The Island of Atlas
Richard Hamilton was many things and one thing that he was happy the Second World War was over. An Irish naval officer during the first war, an explorer, a conservationist, a filmmaker, an innovator, a scientist, a photographer, an author, a researcher who studied the sea and all forms of life that called the water “home”, all of these were Captain Hamilton, but he was also a teacher. Five adolescents of different nationalities did he have on his ship the Thetis. From Canada was George Gilmore, from England was Angela Young, from China was Ying Lin, from Ethiopia was Mara Arad and from Australia was Beatrice Tait and these five did Captain Hamilton teach about the marvels of the ocean and they came players in what has since been termed “Richard Hamilton’s Accounts of the Deep” alongside Richard’s wife Ellen and their sons John and Robert and their families. This is one such Account of the Deep.
The Thetis was currently in the Sea of Crete, at Crete itself specifically. The purpose of this visit was to photograph Crete’s sea life.
The Thetis had been launched in 1917 as a castle-class minesweeper and had served Captain Hamilton well for the past twenty-eight years. It was one hundred and thirty-four feet long and could reach a speed of ten point five knots. Standing on the deck of the Thetis, Captain Hamilton smiled at the sight of Crete with his wife, sons and adolescent devisees by his side.
“I was in my late twenties when K. T. Frost linked the disappearance of the Minoan Empire with that of the destruction of the Island of Atlas.” Said Richard, a lean man of sixty with blues eyes and red hair. He was wearing a blue shirt and pants and black boots, his typical attire when he wasn’t including the red flat cap. He stood at a height of six feet and three inches and was the tallest person on the Thetis.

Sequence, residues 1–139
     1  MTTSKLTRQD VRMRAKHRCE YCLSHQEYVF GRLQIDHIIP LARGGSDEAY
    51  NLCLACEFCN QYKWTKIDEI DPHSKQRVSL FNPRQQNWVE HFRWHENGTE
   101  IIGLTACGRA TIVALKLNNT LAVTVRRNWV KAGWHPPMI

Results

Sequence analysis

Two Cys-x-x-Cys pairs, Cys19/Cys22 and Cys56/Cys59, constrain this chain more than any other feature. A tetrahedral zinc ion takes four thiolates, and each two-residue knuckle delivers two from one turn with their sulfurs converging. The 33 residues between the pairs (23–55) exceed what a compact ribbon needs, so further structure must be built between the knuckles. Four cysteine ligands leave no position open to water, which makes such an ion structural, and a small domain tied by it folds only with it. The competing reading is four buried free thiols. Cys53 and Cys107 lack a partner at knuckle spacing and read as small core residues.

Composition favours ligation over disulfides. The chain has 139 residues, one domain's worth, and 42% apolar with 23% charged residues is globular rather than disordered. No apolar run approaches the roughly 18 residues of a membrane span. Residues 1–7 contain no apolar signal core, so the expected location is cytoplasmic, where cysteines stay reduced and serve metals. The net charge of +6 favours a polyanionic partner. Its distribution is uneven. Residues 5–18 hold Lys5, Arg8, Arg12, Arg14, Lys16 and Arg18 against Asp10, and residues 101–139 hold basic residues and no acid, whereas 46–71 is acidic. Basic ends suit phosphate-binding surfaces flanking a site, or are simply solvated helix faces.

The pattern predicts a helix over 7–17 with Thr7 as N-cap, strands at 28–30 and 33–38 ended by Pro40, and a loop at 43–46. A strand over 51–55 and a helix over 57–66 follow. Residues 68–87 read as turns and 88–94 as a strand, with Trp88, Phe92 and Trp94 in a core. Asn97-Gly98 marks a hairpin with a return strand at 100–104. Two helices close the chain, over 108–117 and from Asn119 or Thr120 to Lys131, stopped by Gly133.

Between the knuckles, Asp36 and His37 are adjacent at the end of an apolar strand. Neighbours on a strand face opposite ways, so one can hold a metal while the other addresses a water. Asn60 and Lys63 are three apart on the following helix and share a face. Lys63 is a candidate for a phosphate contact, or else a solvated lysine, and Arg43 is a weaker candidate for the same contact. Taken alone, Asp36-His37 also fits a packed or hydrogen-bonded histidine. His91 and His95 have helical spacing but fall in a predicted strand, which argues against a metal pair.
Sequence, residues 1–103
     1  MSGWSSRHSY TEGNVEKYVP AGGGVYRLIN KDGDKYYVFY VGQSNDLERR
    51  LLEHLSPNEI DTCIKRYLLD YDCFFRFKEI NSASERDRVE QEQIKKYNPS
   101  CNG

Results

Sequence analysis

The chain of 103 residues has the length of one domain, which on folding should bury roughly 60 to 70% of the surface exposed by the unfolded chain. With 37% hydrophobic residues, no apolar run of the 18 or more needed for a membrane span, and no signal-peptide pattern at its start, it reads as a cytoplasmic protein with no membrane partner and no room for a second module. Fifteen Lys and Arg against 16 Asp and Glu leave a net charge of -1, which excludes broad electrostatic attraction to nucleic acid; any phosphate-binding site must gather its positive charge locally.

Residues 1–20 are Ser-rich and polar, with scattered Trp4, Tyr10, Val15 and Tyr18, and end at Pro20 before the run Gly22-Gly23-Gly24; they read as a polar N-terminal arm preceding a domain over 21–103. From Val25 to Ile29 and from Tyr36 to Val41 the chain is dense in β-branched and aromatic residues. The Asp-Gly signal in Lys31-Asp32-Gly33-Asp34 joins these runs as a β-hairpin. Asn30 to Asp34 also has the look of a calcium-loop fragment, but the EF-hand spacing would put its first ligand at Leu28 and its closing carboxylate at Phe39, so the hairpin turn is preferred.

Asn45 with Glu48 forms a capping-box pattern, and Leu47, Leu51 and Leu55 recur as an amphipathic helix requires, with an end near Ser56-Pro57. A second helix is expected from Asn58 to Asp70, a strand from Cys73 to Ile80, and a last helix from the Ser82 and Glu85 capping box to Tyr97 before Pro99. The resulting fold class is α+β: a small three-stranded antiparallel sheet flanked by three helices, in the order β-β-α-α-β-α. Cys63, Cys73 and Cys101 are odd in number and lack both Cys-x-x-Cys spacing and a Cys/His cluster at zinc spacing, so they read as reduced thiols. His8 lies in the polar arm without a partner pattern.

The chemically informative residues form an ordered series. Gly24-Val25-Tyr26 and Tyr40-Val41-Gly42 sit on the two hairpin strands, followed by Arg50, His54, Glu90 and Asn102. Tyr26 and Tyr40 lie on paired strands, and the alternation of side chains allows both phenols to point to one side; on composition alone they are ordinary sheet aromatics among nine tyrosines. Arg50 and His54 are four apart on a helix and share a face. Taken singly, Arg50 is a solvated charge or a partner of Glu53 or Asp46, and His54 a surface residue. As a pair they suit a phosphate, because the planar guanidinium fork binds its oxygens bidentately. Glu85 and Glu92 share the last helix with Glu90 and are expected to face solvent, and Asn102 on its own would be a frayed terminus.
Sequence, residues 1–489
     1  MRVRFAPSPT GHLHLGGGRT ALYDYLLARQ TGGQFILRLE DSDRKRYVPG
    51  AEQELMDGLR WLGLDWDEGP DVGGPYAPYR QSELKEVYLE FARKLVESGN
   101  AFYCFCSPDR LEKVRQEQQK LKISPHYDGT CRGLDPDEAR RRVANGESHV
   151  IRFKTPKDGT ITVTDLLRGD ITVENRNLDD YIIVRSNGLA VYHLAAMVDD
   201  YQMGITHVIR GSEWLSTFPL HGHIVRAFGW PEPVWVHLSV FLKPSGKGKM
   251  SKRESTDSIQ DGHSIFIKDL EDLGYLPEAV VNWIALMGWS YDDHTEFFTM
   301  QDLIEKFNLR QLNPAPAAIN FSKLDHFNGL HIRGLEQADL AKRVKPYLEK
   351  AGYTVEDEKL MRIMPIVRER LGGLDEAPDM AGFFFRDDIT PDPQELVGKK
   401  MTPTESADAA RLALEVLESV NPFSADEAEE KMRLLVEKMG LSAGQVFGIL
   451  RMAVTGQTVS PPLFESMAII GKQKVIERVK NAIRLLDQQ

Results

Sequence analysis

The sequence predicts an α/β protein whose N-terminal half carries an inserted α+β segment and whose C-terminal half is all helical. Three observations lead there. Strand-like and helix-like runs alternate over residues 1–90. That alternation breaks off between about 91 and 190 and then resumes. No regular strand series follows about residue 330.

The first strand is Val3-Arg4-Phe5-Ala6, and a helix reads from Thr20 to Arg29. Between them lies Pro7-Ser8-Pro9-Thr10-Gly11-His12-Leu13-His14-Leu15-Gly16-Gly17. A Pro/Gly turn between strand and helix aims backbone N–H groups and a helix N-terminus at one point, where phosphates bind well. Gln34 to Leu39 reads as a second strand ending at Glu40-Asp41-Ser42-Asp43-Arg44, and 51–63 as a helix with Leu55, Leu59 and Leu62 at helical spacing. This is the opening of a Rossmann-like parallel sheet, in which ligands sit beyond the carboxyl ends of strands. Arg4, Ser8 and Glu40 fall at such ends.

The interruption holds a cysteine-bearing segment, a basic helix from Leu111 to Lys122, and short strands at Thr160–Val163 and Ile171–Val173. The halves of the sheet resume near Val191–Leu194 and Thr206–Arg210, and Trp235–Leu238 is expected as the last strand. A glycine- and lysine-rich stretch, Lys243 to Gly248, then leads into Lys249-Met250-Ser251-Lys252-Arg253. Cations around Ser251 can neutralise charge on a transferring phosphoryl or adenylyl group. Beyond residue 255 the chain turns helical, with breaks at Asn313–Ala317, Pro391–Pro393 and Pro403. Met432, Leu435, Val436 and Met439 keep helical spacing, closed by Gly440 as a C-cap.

“What is the Island of Atlas?” George asked, his voice was rich and smooth but his accent was so ambiguous that people guessed him to be British, New Yorker or German before they ever guessed he was Canadian. He was as lean and hungry in appearance as Shakespeare’s Cassius, ruddy skinned, red haired and had heterochromia with his left eye being blue and his right eye green. His attire included a short-sleeved red shirt and black pants and shoes. He was sixteen, the son of a man who had served on the Thetis during World War I.
“Atlantis, my boy!” answered Richard, turning to look down at the boy that was close to his own height but not tall enough to look him in the eye. “The same Atlantis from Plato’s allegory! Frost proposed that Minoan Crete was Atlantis and others have followed suit since then.”
“What do you think, Captain Hamilton?” asked Angela. She was the same age as George, just as Beatrice was. She was light-skinned, had reddish-brown eyes and red hair that was long and straight. She had a slender build and typically wore a blue dress and shoes with her hair in a ponytail. Her father had likewise served on the Thetis during World War I.
“Angela, people identify Atlantis with a great many places, some of them not even necessarily in the Atlantic.” Answered Richard, giving the girl a warm smile, as he did to many people. “Why, even the Americas were once identified with Atlantis.”
Was it possible that Minoan Crete was Atlantis? Could it be so? George thought it possible and wished to find out as he leaned on the ship’s railing with a familiar look in his eye that caused Mara to groan.